All too often, the phrase "corporate free press" is something of an oxymoron. Whether to maximise sales, to attract advertisers, or simply to promote the interests of their wealthy owners, the mass media open strange, self-serving and grossly distorted windows onto the world.
This website is another window. Here you'll find documentaries, lectures and interviews following a different editorial line.
Mark Thomas investigates the practises and history of the Coca Cola company, uncovering among other things its support for the Nazis, involvement in the murder of Colombian trade unionists, and environmental damage in Kerala and El Salvador – as well as the all-pervasive advertising by which it gets away with it all.
Oh yeah, it’s online. Don’t think it’s not online. A shocking and occasionally hilarious exposé of the history, politics, and consequences of privatised healthcare, for my money this is Moore’s best film yet.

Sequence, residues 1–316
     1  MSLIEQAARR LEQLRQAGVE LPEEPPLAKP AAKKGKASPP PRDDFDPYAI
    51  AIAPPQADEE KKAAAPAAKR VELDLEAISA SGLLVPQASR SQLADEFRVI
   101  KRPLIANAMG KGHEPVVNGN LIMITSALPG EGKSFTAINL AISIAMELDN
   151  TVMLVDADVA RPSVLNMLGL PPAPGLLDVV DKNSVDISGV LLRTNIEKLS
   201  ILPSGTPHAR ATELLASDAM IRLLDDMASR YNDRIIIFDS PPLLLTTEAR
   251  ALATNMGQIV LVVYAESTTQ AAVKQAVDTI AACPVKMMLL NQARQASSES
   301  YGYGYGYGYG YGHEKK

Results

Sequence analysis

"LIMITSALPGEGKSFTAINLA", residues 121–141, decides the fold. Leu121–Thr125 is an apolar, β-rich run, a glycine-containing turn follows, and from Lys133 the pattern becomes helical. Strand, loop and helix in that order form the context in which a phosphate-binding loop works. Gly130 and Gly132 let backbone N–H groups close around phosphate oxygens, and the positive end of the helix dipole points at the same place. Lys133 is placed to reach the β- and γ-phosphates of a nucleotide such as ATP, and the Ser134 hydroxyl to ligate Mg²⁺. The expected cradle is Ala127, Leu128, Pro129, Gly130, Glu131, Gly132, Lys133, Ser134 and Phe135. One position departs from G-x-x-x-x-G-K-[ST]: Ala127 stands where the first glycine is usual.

If there’s anything wrong with Sicko, it’s the rose-tinted lens used in the British segments. Our beloved NHS, as many will already know, is already under fierce attack from the private sector (see John Pilger, or my blog, for an introduction, and there’s a wealth of info at Keep Our NHS Public) – including from some of the worst villians in the film’s American segments.
The place of food in Western society has been completely transformed over the past fifty years, with the rise and ultimately the dominance of a few enormous supermarket chains. From the farm or factory to the dinner table, every aspect of what we eat is controlled by these companies – not for our sakes, of course, but for their shareholders’. This documentary (two episodes, 50 mins each) shows some of the consequences.
Just half a century ago, there was no AIDS. Medical science was progressively conquering disease after disease, and no one dreamed that soon we would see a new disease appear and, within a few short decades, become the worst medical disaster in human history.
Viewers/readers of John Le Carré’s The Constant Gardener will find this documentary (90 mins, via SmashingTelly.com) oddly familiar. In any case, it makes for compulsive and disturbing viewing.